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0 votes Thank Flag Link Thu Jan 14, 2010
Hi Karen,

Abosolutely find out what recent sales prices have been for similar units, and figure in the cost of repairs. You can always offer less, but keep in mind that the banks have usually made up their mind what their minimum will be.

Make an offer you're comfortable with and see if it flies. You might just get the deal you want. Keep in your mind the maximum you are willing to pay, and if there is a counteroffer from the bank you have a decision to make. If you feel the counteroffer is too high, have your agent increase the price incrementally and have them say that this is your "highest and best offer". You may offer $100 or $1,000 or more than the original offer and find that the bank acceps your offer. If the bank is unwilling to budge, move on to another property.

Good luck. If I can be of further service please let me know.

Nadine Mauro
Realty Hub, Inc.
0 votes Thank Flag Link Thu Jan 14, 2010
Karen, you may need to offer more.

All depends on market. What Richard said is true. You have to know what the market price is.

Find you a local Realtor to help you - tons of good ones in your area, and they cost you nothing as they are paid by the sellers agent.
0 votes Thank Flag Link Thu Jan 14, 2010
if there is competition in that area for that product then ask your Realtor to pull comps. If there is healthy competition then you may not be able to get it for less than asking price. If the property is a bank foreclosure which you've proposed in your question, keep in mind that for the most part banks do an appraisal, BPO valuation or both to learn what the value is. If your offer doesn't jive with what they think it's worth then they may wait for a finance offer that will net more. HTH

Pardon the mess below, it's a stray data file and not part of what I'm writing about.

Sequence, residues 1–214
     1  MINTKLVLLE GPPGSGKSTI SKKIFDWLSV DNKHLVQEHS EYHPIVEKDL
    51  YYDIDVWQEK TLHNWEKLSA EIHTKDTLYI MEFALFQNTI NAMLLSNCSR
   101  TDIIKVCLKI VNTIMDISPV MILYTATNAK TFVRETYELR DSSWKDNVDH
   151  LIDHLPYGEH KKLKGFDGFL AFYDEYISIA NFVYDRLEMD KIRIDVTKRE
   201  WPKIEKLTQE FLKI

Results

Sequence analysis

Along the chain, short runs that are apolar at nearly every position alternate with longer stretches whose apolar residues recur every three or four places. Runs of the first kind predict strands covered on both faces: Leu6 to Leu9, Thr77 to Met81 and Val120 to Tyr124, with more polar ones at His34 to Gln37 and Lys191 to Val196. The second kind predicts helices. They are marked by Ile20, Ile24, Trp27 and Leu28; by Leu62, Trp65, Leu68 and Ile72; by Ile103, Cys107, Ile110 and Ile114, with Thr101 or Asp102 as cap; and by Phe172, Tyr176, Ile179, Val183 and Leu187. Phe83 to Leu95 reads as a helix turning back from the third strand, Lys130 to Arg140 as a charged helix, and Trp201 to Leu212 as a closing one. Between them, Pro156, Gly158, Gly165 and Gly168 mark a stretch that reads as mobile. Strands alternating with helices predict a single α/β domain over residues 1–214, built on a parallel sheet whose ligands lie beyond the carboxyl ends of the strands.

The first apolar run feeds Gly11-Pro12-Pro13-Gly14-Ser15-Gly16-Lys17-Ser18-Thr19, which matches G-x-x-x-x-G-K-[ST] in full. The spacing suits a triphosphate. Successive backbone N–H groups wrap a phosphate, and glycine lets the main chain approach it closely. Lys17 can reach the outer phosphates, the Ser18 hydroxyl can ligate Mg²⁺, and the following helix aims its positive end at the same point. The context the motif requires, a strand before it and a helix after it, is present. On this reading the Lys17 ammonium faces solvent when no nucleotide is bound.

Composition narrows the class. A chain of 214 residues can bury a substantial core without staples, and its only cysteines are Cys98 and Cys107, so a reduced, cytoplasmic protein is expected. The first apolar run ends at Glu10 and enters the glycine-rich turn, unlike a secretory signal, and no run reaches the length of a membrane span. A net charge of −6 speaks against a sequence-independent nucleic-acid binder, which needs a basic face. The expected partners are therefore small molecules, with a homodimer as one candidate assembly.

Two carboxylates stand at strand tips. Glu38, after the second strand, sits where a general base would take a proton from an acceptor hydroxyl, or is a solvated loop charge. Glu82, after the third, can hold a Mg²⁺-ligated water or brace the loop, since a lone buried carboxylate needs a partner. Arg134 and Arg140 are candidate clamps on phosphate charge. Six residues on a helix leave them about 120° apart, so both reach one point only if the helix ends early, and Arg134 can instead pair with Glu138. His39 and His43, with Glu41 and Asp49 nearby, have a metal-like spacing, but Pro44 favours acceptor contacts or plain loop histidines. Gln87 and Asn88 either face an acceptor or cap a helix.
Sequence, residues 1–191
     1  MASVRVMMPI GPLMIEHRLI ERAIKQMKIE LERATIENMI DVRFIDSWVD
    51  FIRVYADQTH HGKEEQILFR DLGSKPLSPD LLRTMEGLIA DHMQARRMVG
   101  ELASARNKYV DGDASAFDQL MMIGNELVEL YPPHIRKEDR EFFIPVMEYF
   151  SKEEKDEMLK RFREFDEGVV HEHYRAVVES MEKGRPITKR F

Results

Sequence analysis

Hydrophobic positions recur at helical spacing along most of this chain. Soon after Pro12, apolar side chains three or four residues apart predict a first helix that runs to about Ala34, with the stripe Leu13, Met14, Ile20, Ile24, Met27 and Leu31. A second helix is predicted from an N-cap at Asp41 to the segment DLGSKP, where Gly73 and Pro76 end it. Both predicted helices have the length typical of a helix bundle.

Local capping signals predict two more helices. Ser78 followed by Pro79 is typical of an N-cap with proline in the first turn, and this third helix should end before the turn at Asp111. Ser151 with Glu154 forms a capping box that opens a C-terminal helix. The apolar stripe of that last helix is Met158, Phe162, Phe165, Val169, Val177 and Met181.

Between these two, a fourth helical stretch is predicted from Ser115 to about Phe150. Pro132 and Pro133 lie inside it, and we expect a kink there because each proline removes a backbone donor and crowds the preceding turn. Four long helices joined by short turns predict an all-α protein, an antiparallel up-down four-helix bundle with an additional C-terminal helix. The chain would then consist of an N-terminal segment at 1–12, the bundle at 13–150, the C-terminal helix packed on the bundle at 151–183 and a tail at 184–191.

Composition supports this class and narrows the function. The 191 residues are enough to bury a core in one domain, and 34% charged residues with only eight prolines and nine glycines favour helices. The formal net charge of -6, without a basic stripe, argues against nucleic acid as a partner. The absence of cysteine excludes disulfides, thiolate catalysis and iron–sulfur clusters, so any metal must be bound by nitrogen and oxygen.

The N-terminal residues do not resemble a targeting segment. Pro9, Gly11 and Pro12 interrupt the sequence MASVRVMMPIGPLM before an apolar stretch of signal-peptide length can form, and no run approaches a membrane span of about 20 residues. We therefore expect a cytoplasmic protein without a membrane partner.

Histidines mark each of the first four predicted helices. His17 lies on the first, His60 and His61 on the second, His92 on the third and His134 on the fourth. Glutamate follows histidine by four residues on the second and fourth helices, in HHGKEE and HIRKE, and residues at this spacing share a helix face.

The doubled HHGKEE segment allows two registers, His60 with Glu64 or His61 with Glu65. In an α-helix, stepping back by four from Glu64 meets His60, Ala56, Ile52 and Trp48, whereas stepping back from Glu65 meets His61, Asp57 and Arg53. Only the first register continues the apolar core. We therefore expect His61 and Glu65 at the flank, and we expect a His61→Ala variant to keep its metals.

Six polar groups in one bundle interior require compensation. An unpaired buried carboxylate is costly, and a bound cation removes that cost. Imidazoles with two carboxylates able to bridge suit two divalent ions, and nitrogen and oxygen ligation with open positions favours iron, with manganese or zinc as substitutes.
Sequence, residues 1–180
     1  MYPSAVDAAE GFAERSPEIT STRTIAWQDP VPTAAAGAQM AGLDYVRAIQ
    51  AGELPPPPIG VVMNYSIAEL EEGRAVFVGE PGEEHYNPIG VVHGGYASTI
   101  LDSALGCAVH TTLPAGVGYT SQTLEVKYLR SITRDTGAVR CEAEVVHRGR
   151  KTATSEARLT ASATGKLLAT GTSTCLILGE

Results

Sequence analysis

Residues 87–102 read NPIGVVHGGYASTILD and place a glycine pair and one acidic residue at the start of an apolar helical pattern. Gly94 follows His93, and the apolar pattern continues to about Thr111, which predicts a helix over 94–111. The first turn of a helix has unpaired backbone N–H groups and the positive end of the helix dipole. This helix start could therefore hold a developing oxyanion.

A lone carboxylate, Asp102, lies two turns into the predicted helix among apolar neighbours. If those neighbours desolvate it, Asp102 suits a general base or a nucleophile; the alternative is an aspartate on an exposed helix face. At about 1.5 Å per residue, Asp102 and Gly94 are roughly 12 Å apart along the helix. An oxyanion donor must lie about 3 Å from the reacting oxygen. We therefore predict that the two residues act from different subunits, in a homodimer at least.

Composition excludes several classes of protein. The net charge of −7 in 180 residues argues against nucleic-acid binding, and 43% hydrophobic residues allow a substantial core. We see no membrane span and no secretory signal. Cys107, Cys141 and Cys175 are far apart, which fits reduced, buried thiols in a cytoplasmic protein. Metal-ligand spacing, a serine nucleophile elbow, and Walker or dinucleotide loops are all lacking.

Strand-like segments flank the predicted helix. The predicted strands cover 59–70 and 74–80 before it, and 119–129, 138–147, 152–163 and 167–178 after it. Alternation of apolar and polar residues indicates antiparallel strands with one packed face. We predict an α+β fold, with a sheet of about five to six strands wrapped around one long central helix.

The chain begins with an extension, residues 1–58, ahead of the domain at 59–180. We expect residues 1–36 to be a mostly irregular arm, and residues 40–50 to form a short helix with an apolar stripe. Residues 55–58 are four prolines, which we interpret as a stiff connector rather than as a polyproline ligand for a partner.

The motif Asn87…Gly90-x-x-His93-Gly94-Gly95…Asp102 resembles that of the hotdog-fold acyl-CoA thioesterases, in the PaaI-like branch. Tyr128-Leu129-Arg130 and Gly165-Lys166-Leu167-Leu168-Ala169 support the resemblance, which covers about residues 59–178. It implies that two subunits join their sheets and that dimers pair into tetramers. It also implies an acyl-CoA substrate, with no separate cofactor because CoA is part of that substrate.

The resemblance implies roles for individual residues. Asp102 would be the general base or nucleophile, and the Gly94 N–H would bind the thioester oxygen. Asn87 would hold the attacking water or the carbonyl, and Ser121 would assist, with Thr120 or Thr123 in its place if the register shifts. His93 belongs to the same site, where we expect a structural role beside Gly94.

0 votes Thank Flag Link Thu Jan 14, 2010
Hi, Karen. Now that it's hard to get a loan "cash is king" and that makes the transaction much easier and faster. However, there really isn't any set "rule of thumb" on a discount. If you are working with a real estate agent ask her to give you property comparables and then you will be able to make an informed decision on how much you want to offer. If you are not working with a real estate agent I am happy to help you with this. You may reach me at 561-445-8743 or

Thank you,
Nicole Mason, Realtor
Web Reference:
0 votes Thank Flag Link Thu Jan 14, 2010
Hi Karen!

I buy foreclosures... and while theire are a lot of factors involved in making a decision on an offer price. I general rule of thumb that does not seem too offensive is about 10%- 15% off the Gross Sales Price.
This is just a ballpark figure I use after reviewing the "comps."
Please check with a REALTOR in your area...

Web Reference:
0 votes Thank Flag Link Thu Jan 14, 2010
First find out what the comps are. Then what is the cost to fix the home up. tehn I think you have an idea of fair market value. Offer less and see what happens.
0 votes Thank Flag Link Thu Jan 14, 2010